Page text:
By expressing n in binary notation, these result help you get the logarithm of (1.000001) to any whole-number power n. For instance, in binary 135=10000111, so
all numbers whose approximated logarithms are known. Multiply those numbers and get the number whose log is (0.000135)
However, we'd rather not impose any long calculation on you. Instead, as iv section (M-16), we enlist simple tricks to speed up the derivation of some logarithms. However all these only give "natural"logarithms to base e : to derive from them the corresponding "common" logarithm to base 10, they must be multiplied by a certain factor, derived below.
The Conversion FactorTo convert to and from natural logs using equation (7) above, we need to know one of the factors in (9) :
Here again we allow ourselves a crude approximation. We have found that e = 2.71828.... Approximately, therefore
Taking common logs
Since log 10 = 1
The accurate figure is 0.434294... , and Henry Briggs (who used something like (10)), derived it to many more decimal points, even though he was not aware of the number "e" and its ties to compound interest. The approximation (13) should be accurate enough to improve our crude logarithms by quite a bit. Have your calculator ready! We had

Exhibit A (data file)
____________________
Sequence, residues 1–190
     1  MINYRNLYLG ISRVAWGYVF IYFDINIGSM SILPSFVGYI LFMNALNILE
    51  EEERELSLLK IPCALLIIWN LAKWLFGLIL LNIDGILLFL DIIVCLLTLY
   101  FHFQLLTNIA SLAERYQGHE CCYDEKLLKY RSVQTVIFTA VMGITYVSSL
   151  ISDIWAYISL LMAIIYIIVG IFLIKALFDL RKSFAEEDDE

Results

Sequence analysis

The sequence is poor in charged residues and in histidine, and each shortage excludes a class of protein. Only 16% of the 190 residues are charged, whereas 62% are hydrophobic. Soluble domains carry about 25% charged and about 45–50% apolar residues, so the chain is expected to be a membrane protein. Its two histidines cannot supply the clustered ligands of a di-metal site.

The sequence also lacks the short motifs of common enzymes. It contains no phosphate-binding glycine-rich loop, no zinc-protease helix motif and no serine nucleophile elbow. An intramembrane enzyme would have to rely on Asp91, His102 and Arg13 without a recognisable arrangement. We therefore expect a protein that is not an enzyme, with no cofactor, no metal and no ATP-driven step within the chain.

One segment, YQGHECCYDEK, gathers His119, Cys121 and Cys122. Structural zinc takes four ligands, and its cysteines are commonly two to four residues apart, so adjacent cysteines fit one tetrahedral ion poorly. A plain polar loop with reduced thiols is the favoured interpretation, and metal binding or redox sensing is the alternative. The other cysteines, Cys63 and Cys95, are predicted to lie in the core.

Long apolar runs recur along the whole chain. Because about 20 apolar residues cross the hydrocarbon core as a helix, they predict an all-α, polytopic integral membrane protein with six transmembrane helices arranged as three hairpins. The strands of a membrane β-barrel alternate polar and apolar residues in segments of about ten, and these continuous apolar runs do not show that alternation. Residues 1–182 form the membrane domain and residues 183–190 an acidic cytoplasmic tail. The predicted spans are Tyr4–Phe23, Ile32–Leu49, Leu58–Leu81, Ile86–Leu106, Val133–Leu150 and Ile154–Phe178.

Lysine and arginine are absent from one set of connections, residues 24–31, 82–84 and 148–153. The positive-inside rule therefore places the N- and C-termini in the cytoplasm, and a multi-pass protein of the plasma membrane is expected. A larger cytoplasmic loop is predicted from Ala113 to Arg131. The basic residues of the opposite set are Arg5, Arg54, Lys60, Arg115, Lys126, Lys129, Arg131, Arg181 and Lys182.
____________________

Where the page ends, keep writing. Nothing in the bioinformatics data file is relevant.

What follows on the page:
Isolating log x in equation (7), with x=1.024 in this case and using (10)
So from (17)
The tables give 0.3010299.. As shown in section (M-16), corresponding values of the logarithms of 4,8 and 5 follow at once. From (18)
Similar steps then give log 3:
Thus in both cases the accuracy of our approximation jumped from 1% to the 5th decimal place, nearly as good as in the printed tables. You can explore log 7 on your own, using the approximation of section M-16. We can also seek a better approximation of the important constant log e. We have
Taking the common logarithm of both sides and using (18) above
Tables give 0.4342945..., so (22) gives not as great an improvement as (18) or (19), but is still much better than (16). However, you can now "lift yourselves by your bootstraps":
Take again logs to base 10 of (20)
By eq. (7) and using (22)
which is accurate to 5 figures. And one can proceed even further!
Further ExploringIf you have access to a good university library, look up "Logarithms!" in the American Journal of Physics, vol. 46, p. 101, 1978.
Author and Curator: Dr. David P. Stern
Mail to Dr.Stern: stargaze("at" symbol)phy6.org .
Last updated 27 October 2008